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Researchers assess the aggressiveness of prostate tumors using magnetic resonance spectroscopic imaging (MRSI).
Researchers from the Radboud University Nijmegen Medical Centre (Nijmegen, The Netherlands) have investigated the performance of magnetic resonance spectroscopic imaging (MRSI) as a technique for assessing the aggressiveness of prostate tumors. Led by Thiele Kobus of the University’s Department of Radiology, the team compared the findings obtained through MRSI to the Gleason score (which evaluates the prognosis of prostate cancer on a number scale) of radical prostatectomy (RP) specimens, and determined that MSRI provides a noninvasive alternative for determining tumor aggressiveness.
Current screening methods detect prostate-specific antigen levels with a mortality reduction rate of 20%; however, these methods often lead to overdiagnosis and overtreatment of indolent cancers, causing unnecessary side effects. In the study, which was published in the online edition of European Urology on March 11, 2011, the team states that the current screening method — transrectal ultrasound (TRUS)-guided biopsies that determine the Gleason score — often underestimate the aggressiveness of the tumor. Because prostate cancer tissue contains lower levels of citrate and/or higher levels of choline than normal tissue, the team used proton magnetic resonance spectroscopy to determine the ratio of these metabolites in the tumor tissue and compared it to the Gleason score.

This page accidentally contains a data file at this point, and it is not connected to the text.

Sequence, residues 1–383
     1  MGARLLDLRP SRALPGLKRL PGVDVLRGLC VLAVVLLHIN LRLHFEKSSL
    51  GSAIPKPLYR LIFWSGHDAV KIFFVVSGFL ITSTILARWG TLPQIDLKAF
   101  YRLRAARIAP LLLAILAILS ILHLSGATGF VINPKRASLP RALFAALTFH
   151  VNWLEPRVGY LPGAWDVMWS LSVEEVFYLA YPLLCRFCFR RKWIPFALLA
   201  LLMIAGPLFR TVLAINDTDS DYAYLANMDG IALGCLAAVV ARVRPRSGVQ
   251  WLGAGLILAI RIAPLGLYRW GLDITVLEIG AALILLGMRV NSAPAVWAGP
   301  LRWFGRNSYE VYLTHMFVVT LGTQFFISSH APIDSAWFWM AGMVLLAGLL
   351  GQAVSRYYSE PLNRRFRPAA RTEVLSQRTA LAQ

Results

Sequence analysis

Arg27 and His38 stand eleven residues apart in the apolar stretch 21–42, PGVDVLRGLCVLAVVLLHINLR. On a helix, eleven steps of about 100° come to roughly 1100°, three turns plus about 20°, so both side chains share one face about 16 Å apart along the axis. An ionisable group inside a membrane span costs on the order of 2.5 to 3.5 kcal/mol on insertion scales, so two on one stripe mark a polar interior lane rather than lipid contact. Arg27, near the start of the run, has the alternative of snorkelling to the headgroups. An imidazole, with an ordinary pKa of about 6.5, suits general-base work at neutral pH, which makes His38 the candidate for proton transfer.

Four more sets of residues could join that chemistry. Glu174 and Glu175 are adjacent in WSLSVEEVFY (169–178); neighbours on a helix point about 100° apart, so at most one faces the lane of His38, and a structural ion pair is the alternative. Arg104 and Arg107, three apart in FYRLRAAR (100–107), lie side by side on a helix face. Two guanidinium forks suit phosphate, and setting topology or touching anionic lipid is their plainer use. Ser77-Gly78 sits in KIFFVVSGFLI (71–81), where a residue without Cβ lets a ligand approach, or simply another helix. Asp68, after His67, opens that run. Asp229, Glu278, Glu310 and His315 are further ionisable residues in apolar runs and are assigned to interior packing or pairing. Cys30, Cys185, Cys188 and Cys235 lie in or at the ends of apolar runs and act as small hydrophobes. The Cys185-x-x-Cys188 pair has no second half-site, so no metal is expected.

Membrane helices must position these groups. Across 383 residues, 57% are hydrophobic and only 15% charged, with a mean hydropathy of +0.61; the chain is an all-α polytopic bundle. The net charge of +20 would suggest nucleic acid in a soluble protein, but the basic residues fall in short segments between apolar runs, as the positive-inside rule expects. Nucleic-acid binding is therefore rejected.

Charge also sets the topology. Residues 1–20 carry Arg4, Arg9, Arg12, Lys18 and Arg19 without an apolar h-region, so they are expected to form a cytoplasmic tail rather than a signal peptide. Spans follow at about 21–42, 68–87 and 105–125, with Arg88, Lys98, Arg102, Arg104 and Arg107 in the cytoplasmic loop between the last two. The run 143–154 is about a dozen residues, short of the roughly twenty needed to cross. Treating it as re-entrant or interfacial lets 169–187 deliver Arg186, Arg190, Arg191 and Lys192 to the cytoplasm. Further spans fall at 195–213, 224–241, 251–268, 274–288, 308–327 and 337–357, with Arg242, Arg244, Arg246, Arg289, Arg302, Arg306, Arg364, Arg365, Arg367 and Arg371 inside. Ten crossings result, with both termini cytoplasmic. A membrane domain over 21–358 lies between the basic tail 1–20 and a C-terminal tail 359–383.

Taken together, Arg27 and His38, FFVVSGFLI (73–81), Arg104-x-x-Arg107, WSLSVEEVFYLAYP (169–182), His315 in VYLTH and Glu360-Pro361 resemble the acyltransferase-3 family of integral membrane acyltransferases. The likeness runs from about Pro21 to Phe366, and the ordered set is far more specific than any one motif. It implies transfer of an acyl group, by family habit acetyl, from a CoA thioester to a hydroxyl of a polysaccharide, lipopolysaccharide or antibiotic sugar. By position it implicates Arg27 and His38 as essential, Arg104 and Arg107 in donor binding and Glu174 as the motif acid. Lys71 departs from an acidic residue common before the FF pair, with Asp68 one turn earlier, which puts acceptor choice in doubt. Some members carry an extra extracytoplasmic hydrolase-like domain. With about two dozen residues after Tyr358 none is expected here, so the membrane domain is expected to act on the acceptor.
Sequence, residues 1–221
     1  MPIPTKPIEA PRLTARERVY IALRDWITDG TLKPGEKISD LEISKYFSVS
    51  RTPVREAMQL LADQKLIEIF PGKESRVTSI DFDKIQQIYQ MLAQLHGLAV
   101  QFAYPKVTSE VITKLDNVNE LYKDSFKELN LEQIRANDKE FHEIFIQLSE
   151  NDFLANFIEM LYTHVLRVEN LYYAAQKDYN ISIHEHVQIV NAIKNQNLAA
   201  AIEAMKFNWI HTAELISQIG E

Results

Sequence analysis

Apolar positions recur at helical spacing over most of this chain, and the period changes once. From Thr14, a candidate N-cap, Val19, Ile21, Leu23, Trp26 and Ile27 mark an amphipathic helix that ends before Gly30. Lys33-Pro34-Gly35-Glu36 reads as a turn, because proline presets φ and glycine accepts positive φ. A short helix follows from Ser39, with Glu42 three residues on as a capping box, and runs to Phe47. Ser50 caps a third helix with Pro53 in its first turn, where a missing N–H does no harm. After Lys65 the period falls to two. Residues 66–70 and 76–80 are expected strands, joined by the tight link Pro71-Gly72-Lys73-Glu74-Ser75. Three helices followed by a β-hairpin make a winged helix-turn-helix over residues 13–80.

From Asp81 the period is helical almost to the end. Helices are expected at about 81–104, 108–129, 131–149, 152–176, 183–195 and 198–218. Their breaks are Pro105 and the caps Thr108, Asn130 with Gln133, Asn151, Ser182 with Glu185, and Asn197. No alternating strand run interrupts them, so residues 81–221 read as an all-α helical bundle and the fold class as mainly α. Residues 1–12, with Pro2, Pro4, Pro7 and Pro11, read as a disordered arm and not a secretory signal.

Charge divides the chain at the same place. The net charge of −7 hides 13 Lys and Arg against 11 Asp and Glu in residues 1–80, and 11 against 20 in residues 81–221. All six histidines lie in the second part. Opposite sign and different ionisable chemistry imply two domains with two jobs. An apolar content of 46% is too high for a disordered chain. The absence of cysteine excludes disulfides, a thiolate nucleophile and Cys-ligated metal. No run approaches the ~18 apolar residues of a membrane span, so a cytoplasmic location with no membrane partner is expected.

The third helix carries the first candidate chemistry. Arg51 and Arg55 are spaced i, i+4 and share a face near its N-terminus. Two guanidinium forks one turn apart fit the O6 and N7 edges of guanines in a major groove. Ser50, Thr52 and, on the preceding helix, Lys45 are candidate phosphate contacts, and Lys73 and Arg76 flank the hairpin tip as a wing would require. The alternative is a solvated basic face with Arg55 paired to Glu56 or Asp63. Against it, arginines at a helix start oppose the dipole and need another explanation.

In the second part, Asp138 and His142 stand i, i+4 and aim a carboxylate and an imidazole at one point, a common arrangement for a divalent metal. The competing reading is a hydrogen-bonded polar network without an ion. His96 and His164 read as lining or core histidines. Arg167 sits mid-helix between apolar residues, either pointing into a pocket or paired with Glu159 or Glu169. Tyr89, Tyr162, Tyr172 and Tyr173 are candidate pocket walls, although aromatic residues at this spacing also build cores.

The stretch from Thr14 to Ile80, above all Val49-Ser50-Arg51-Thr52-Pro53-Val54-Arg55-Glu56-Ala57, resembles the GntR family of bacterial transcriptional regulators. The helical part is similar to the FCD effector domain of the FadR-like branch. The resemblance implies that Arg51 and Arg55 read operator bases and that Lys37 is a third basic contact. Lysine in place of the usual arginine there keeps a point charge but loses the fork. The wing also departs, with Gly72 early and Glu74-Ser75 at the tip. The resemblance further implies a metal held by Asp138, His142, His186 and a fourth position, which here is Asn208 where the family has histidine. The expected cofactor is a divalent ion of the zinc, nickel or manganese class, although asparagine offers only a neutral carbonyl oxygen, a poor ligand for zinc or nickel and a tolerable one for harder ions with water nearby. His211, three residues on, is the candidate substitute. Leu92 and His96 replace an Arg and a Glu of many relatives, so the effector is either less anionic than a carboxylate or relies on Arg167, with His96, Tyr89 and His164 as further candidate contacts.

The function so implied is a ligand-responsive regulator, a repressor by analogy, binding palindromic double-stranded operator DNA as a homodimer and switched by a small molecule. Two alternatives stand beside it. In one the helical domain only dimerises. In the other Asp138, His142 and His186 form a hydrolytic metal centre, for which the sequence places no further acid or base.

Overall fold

The team determined that MRSI scans successfully detect the choline and creatine to citrate ratios to accurately assess the aggressiveness of the tumor. They conclude that MSRI can be used as a noninvasive, prognostic technique that not only differentiates between indolent and aggressive tumors, but can also guide physicians to the most aggressive area of the tumor.